WCopyfind is a windows-based program that examines a collection of document files, looking for similarities. It extracts the text portions of those documents and scours them for matching words in phrases of a specified minimum length. When it finds two files that share enough words in those phrases, WCopyfind generates html report files. These reports contain the document text with the matching phrases underlined.
What WCopyfind can do:
It can find documents that share large amounts of text. This result may indicate that one file is a copy or partial copy of the other, or that they are both copies or partial copies of a third document. WCopyfind can presently handle: .docx, .doc, .txt, .htm, .html, and .pdf formats. It will also try to find text in other file formats, but there are no guarantees it will succeed.
What WCopyfind cannot do:
It cannot search the web or internet to find matching documents for you. You must specify which documents it compares. Those documents can be local ones—on your computer or a file server—or web-resident html or text documents that are pointed to by local internet shortcuts. If you suspect that a particular web page has been copied, you must create an internet shortcut to that page and include that shortcut in the collection of documents that you give to WCopyfind.
Copyfind is a command-line program that examines collections of document files, looking for similarities. Copyfind runs only under Windows (at present) and has the same internal comparison engine as WCopyfind. Unlike WCopyfind, however, Copyfind reads instructions from the command line and is therefore much more flexible and capable of more complicated comparison activities.
10 thoughts to “Software”
How many documents can be compared? I am a high school teacher and I may need to upload and compare 20-30 documents against each other. Can WCopyfind handle that?
The number of documents that WCopyfind can handle is limited only by your computer’s RAM memory and is probably several tens of thousands of documents. Checking 20 or 30 documents against one another is easy as pie.
Actually, you don’t “upload” them — you merely drag the documents into WCopyfind’s inbox and let it compare them. The documents never leave your computer, which is important because it means that you retain complete control over them and don’t risk having those documents drift around the internet after you’ve done the comparison.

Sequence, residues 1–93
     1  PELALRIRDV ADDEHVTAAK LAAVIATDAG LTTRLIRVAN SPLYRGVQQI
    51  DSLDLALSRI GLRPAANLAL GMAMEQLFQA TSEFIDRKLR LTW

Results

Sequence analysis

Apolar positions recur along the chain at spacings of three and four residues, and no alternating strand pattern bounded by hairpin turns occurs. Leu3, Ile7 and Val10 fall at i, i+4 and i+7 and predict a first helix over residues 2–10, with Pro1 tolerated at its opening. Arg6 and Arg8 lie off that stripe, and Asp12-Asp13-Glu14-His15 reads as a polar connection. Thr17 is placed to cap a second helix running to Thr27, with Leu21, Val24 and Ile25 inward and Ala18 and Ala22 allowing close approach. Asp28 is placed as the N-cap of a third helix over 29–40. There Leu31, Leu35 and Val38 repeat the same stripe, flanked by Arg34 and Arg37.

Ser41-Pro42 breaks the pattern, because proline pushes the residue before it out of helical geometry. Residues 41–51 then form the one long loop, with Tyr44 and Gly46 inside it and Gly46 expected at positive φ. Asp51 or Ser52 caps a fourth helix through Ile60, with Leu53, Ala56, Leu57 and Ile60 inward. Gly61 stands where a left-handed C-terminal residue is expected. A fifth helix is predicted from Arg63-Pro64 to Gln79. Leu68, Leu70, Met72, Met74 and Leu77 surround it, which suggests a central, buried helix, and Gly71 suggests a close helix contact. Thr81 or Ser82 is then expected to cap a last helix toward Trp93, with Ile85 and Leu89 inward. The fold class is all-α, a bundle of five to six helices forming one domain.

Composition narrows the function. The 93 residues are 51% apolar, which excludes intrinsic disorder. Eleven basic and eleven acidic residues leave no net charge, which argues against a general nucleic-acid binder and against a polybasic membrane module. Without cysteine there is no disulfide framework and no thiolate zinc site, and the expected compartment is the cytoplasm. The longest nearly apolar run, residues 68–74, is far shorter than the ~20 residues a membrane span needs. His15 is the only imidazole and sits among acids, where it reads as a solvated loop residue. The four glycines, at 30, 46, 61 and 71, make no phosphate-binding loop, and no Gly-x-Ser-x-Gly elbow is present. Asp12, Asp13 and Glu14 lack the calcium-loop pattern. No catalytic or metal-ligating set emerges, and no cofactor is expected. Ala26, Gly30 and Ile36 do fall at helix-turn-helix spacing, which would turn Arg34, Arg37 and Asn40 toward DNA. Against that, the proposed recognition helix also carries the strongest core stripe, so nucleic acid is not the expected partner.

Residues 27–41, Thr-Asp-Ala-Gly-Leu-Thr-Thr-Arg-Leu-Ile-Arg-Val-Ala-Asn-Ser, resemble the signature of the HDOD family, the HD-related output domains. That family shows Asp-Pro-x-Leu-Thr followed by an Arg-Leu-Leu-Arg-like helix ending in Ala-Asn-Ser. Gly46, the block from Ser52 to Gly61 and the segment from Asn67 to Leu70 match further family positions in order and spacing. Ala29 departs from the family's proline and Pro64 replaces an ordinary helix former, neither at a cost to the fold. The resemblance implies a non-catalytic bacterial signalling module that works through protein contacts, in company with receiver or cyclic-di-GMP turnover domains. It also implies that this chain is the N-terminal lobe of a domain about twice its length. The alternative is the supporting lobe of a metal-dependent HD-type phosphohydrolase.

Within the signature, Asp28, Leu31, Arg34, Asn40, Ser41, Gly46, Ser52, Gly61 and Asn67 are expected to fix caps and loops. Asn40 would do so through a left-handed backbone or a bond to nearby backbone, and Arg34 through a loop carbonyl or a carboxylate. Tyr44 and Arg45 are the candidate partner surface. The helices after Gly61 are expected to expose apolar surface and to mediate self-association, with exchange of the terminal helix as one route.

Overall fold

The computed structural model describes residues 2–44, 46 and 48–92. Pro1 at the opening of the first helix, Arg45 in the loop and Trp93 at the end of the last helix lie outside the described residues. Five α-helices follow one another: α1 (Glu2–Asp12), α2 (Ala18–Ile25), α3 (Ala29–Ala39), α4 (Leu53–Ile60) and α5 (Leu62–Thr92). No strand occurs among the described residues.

Just download WCopyfind onto your computer, create a report folder, drag your documents into its inbox, and run it. With fewer than 30 documents to compare, I expect it to finish its work in about 1 second.
I would just like to mention that I found WCopyfind both very easy to use AND quite elegant in the manner in which it compares documents. I was using it to compare two moderately long texts(35 pages) and in addition to the “metrics” provided, WCF provides a side by side html output of the documents linking similar/identical passages that might be near the start of one and towards the middle of the other.
I don’t understand why the report sometimes comes with a link to click for results and sometimes no link. Any suggestions for better using this tool?
PS I love what I’m seeing so far.
If there are no matching pairs of document, then WCopyfind doesn’t list any comparison links. I should add a comment that indicates this point so that you’re not left thinking that it didn’t run properly. I’ll put it on my todo list and try to get it done shortly.
I use this to compare articles I’ve written on the same subject: WCopyfind is easy to use, versatile, and robust. I love it.
Thanks! This is great software; very useful. I use it for a deterrent at my university.
This software is good and I am looking forward to either command line windows version or even better Linux/Unix command line as it would greatly simplify automated tasks.
Thank you for this very useful tool. I have been using it for years. Its speed is amazing.
If you ever feel inclined to add features to WCopyFind, might I suggest an option to not compare bibliographies? The program could simply ignore everything in a file after a line containing one of a list of common phrases such as “Bibliography”, “Works Cited”, “References”, etc. and no other words. It might be useful to allow the user to add terms to the list (maybe in a separate text file?), since academic citation styles vary. People might even use this feature to exclude the ends of files for other reasons specific to particular assignments. This would make the measures of matches more useful in distinguishing inappropriate matching text from appropriate matching references without having to look at many side-by-side comparisons.
For what it’s worth, I just ran the WCopyfind successfully on my Mac (OS X Mavericks) under Wine (installed via MacPorts). I’ll try it on my home Linux box tonight, but presumably it should work there as well.